Ria’s Bakery Café opens the door to Caribbean Flavors

The owners of Ria’s Bakery Café were the last caretakers of Naraine’s Bakery on Old Winter Garden Rd. Sabeeta and Carl have taken their Guyanese and Canadian culinary pedigree to a quaint little spot in Ocoee, a stone throw from West Oaks Mall on Clarke Rd.


Surprisingly, this is not your traditional Indo Caribbean slap dash place of curries, fried rice and chow mein. This relatively bright and inviting space caters to its American neighbors. Next door is Diva Dolls Fitness and Pole. Fitness and healthy eating goes hand in hand. Healthy egg white dishes, gluten free items, fresh fruit smoothies and a host of health conscious items make the daily specials. This healthy menu invites the Divas to try out Caribbean flavors.

Not only does this place serve as a café, but they sell a select few West Indian grocery items. Spices, chow mein (Guyanese noodles), sugar and snacks are neatly displayed. West Indian and French pastries both freshly made and prepackaged are available.

The always smiling and charming owner, Sabeeta, is a Canadian classically trained pastry chef. She honed her skills in Switzerland for many years before returning to Canada. Now, we have the honor of sampling her talents. Sabeeta entertains full catering orders. American style party platters includes appetizers, fresh fruit, cheese and veggie trays, chicken bites, bouchees, deviled eggs, and empanadas. West Indian baked goods include all types of breads, butter flap, tennis rolls, bagels, pine tarts, cheese rolls, Chinese cake, salara, guava cheese rolls, Danishes, croissants, chicken and beef patties.

Indo Caribbean hot items such as goat, beef, and duck curry, salt fish, cook up rice, yellow rice, lasagna, dhal puri, roti, bake, potato balls, phoulorie, tamarind balls, plantain chips, fried channa, mittai, cheese straw and cassava pone are prepared by the other self mastered owner, Carl. I am guessing like most Caribbean chefs, these flavors were handed down through generations. Flashes of two older ladies in the kitchen confirms my suspicion that there are generations of goodness coming out of that kitchen.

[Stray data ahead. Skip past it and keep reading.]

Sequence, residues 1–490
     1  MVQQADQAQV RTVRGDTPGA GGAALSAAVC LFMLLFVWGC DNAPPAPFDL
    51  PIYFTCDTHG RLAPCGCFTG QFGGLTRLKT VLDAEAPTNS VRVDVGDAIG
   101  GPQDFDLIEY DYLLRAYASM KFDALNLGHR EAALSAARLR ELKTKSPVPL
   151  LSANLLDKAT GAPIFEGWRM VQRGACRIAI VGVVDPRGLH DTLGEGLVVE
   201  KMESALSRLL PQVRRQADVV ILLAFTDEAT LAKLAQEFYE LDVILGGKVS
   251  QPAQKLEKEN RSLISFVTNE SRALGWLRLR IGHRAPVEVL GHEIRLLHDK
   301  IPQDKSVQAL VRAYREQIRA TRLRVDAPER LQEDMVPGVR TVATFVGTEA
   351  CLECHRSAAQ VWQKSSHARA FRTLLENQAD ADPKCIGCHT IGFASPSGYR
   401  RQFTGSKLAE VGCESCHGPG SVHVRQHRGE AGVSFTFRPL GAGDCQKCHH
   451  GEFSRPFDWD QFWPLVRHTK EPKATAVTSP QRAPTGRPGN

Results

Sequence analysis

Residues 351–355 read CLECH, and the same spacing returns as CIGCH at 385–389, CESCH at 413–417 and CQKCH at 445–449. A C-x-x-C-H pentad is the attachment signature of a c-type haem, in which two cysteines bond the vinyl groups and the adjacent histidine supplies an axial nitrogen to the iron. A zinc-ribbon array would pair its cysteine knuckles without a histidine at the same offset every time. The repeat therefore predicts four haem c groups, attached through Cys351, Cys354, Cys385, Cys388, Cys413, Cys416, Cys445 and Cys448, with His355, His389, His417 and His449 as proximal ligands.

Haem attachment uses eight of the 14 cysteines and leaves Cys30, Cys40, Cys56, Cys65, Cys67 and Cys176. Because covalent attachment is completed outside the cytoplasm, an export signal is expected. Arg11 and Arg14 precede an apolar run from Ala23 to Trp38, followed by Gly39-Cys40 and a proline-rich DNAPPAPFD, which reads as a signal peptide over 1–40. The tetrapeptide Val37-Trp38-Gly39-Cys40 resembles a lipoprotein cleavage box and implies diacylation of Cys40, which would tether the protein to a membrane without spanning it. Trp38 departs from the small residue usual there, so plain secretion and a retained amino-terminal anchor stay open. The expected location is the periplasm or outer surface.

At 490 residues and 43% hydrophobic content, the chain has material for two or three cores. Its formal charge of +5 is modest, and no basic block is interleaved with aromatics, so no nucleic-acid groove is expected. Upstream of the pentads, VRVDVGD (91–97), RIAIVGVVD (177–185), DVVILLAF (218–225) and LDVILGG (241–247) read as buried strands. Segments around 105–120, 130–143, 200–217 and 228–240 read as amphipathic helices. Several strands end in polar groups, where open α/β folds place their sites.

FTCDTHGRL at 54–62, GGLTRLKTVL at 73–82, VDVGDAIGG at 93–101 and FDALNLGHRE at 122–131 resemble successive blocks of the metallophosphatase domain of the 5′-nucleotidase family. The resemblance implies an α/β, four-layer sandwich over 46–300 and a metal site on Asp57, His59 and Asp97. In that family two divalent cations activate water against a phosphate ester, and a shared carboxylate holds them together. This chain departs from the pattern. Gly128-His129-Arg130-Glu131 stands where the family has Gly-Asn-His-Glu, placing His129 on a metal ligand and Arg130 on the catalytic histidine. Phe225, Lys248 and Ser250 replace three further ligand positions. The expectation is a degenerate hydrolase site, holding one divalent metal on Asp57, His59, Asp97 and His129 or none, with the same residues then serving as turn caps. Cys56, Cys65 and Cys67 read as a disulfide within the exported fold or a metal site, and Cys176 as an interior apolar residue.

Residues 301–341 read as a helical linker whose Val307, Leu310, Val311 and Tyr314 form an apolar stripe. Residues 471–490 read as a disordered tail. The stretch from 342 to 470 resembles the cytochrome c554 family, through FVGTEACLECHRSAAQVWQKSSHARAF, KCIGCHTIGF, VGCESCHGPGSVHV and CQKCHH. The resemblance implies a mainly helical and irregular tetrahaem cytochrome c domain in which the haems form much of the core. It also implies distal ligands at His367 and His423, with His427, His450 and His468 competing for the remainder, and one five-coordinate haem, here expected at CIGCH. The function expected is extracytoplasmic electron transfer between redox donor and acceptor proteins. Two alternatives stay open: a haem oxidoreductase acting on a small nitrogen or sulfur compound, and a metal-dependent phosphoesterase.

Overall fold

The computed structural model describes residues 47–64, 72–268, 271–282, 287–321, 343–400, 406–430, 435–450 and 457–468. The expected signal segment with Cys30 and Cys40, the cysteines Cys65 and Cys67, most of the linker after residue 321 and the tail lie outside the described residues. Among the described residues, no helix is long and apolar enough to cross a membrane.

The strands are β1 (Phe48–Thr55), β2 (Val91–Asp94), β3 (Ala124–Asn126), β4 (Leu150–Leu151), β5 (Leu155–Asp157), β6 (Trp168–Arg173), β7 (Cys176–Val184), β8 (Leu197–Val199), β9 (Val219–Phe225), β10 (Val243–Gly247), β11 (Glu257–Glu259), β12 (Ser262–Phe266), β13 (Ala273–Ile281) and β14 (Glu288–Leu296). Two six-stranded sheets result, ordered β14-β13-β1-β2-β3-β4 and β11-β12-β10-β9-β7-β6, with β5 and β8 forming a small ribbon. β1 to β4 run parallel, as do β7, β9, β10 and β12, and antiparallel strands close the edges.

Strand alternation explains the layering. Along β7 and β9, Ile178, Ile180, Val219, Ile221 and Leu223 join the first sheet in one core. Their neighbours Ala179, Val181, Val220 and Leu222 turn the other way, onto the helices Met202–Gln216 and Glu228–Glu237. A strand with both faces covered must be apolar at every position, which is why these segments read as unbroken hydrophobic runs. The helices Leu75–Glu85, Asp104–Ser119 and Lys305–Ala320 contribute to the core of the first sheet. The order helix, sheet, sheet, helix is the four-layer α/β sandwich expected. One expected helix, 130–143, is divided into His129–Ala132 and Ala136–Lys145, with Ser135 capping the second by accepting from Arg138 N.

Assorted Pasteries

Assorted pastries – Pine tarts, cheese and guava rolls, coconut cake. The doughy crust is firm and holds up well, it does not fall apart. Fillings are full of flavors.

Brownie Cupcakes

Brownie Cupcakes – crunchy top, moist inside. sinfull.

Bake and Salf Fish

Bake and Salt Fish – The preferred Guyanese and Trinidadian breakfast. This is as popular as pancakes and eggs. Bake is a fluffy soft, pita bread like item, that opens to allow for various stuffings or can be used as a sopping vessel for gravies. This bake was tender, moist and fluffy. Salt Fish, is a form of cured fish. Salt is extracted via a hot water bath and the fish is shredded, then cooked with in this case with onions, garlic, scallions, tomato and pepper. Ingredients may vary from one Caribbean Island to another. This preparation was a good balance of flavors.

Crab cakes black eye peas and rice

Crab Cakes, Peas and Rice – The quintessential favorite Caribbean crustacean, crab, is made into a substantial patty. Nothing says Caribbean better than Black eye peas and rice. The rice is soft, moist and succulent. Cole slaw was creamy and crisp.

Goat Curry

Goat Curry – The slow long simmering of goat meat in curry spices makes this a West Indian favorite. Carl tweaked this recipe that he adopted from the ancient county of Berbice in Guyana. He wanted a dark, pungent, succulent curry that hit the senses. Unlike other West Indian curries around town, this was thick and rich. Goat meat was pressure cooked to tenderness.

Dhal Puri

Dhal Puri – is a tortilla like item made from flour, which is equated to Indian Naan, called roti in the Caribbean. However, this particular roti is stuffed with ground chick peas. Tender and fluffy, the perfect vessel to sop up curry.


Roti – just like Dhal Puri, with out the chick peas. Equally tender and fluffy. If the idea of falling chick peas does not fancy you, then this is your vessel to soak up curry.

For a West Indian place, this is very inviting and enlightening. The owners are very patient and are more than willing to explain anything on the menu. I am told that there are plans to add more chairs and tables inside and outside. Strike up a conversation and you might find a piece of the Caribbean right here in your own backyard.

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Ria's Bakery Cafe  Restaurant Reviews

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